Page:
Creating the superb TV series Foyle’s War would be enough of a credit for most writers, so it is a measure of Horowitz’s talent that he has also written a dozen books about Alex Rider, the teenage M.I.6 spy; a pair of Sherlock Holmes and James Bond novels at the behest of their authors’ executors; and his fiendishly clever send-up of publishers and mystery writers, Magpie Murders. Here, Horowitz—whose latest book, The Sentence Is Death, is out now from Harper—shares four of his favorite novels.
Never Let Me Go, by Kazuo Ishiguro
I am a huge admirer of Ishiguro’s and can only marvel at the elegance and purity of his prose and his unique, slightly oblique vision of the world. This novel, part horror story, part dystopian fantasy, is quite simply the saddest book I have ever read. Its main characters aren’t even human—they’re clones, and it soon becomes clear that their situation is hopeless. But it’s in their journey, as they come to an understanding of their hopelessness, that they become fully human. The final sequence, with the narrator reflecting on the past as she walks, alone, on the Norfolk coast, is unforgettable.
Oliver Twist, by Charles Dickens
I have read the complete works of Dickens three times in my life, and each time I find something new to admire. Isn’t that the essential hallmark of great literature? Oliver Twist, Dickens’s second novel, astonishes not just with its memorable cast of characters—Fagin, the Artful Dodger, Bill Sikes, Monks—but with the clash of humor, adventure, and a furious social conscience. Much of the book is set in and around my home in Clerkenwell, central London, and I had no idea just how vile and putrid the area was in the 1830s. The last night of Fagin in his condemned cell and the death of Sikes (followed by that of his dog) are thrilling. And when Dickens wrote this book, he was just 25!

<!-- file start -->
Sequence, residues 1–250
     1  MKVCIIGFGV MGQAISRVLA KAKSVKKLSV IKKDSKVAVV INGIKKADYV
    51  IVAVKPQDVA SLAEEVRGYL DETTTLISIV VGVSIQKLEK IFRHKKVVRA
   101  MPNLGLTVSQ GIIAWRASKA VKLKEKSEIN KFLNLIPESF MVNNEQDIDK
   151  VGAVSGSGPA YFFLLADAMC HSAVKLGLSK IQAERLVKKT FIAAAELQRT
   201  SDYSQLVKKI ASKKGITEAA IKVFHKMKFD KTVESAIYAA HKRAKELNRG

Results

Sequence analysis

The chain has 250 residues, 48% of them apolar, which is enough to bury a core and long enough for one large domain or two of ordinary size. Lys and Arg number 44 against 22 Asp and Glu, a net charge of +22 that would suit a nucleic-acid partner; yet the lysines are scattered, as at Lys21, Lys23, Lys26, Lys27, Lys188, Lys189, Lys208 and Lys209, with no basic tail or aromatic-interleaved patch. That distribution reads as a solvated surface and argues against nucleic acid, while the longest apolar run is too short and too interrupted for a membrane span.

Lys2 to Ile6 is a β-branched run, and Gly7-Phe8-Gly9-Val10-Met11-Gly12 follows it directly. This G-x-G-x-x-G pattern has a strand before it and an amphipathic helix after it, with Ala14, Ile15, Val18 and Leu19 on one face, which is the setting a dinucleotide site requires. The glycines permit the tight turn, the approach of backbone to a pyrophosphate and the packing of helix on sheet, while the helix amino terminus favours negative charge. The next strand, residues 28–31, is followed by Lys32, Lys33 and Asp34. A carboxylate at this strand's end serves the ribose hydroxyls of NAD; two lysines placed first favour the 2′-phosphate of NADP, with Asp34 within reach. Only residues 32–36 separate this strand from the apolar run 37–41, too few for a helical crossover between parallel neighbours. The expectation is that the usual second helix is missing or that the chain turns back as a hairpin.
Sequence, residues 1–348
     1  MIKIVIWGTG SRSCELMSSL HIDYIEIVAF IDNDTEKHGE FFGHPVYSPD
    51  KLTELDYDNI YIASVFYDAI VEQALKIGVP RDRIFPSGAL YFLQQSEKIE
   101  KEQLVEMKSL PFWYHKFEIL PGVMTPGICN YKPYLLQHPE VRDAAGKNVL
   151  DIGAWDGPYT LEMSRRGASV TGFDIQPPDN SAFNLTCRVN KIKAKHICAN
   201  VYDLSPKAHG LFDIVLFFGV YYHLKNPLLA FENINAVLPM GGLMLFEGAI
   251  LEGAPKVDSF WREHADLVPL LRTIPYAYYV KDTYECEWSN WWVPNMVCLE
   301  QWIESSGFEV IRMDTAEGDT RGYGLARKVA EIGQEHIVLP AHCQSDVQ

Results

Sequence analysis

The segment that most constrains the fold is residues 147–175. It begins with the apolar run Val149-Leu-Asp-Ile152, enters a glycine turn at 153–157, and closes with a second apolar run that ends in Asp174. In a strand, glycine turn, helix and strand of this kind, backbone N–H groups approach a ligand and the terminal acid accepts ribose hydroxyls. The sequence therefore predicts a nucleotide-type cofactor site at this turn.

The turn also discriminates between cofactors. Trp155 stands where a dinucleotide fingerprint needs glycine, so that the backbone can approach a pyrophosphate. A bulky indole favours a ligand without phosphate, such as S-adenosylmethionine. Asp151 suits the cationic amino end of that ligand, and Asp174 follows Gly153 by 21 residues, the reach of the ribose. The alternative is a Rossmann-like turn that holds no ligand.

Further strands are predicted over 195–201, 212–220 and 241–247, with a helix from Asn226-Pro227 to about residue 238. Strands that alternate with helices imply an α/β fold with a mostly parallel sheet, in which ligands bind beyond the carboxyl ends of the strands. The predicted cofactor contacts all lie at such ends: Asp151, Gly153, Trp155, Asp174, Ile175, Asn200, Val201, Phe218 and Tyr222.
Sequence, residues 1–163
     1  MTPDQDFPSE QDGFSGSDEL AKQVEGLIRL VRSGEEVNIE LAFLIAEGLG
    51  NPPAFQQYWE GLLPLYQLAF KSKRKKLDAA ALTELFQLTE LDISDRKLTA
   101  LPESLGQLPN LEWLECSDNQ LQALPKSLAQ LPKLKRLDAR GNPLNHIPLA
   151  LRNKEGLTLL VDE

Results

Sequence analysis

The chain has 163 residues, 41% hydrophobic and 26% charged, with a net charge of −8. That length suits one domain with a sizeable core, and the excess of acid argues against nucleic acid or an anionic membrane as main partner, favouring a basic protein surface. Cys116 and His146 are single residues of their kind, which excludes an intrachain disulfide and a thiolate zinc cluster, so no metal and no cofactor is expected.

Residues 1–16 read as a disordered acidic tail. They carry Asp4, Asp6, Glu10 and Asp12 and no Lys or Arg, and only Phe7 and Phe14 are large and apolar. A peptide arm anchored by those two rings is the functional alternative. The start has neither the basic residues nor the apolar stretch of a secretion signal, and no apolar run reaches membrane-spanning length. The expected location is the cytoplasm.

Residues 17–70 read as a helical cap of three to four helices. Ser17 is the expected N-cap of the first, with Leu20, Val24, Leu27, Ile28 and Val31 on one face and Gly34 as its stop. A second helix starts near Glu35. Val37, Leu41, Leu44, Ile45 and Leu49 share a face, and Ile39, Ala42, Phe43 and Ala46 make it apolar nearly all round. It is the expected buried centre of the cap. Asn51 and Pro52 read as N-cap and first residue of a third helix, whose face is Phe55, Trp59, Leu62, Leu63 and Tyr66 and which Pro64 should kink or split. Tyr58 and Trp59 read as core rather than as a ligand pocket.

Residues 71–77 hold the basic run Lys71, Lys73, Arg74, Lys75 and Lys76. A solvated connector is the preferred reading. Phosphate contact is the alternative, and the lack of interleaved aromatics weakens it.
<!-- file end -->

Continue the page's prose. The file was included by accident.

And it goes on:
The Dead Zone, by Stephen King
When authors are asked to describe their favorite books, they tend toward literary fiction—but I have no qualms in recommending this superb 1979 supernatural thriller by one of America’s greatest writers. It has a terrific structure with a final reveal, the “dead zone” of the title, that is completely satisfying, and a central character, the vile politician Greg Stillson, who couldn’t be more predictive of the direction in which American politics has since gone. Like Dickens, King perfectly captures his age. And Dickens, of course, was a commercial writer, too.
Keep the Aspidistra Flying, by George Orwell
Should Gordon Comstock eke out a living as a poet, or should he continue to work with the financial security (and the comfortable life evoked by a potted plant on a windowsill) which is offered by the New Albion Advertising Company? Should he give in to what he calls “the money-god”? Orwell identifies a question that every writer faces, and certainly it is one that has always exercised me. Everyone knows Animal Farm and 1984, but this small, very personal novel set in 1930s London goes to the heart of what creative writing is all about.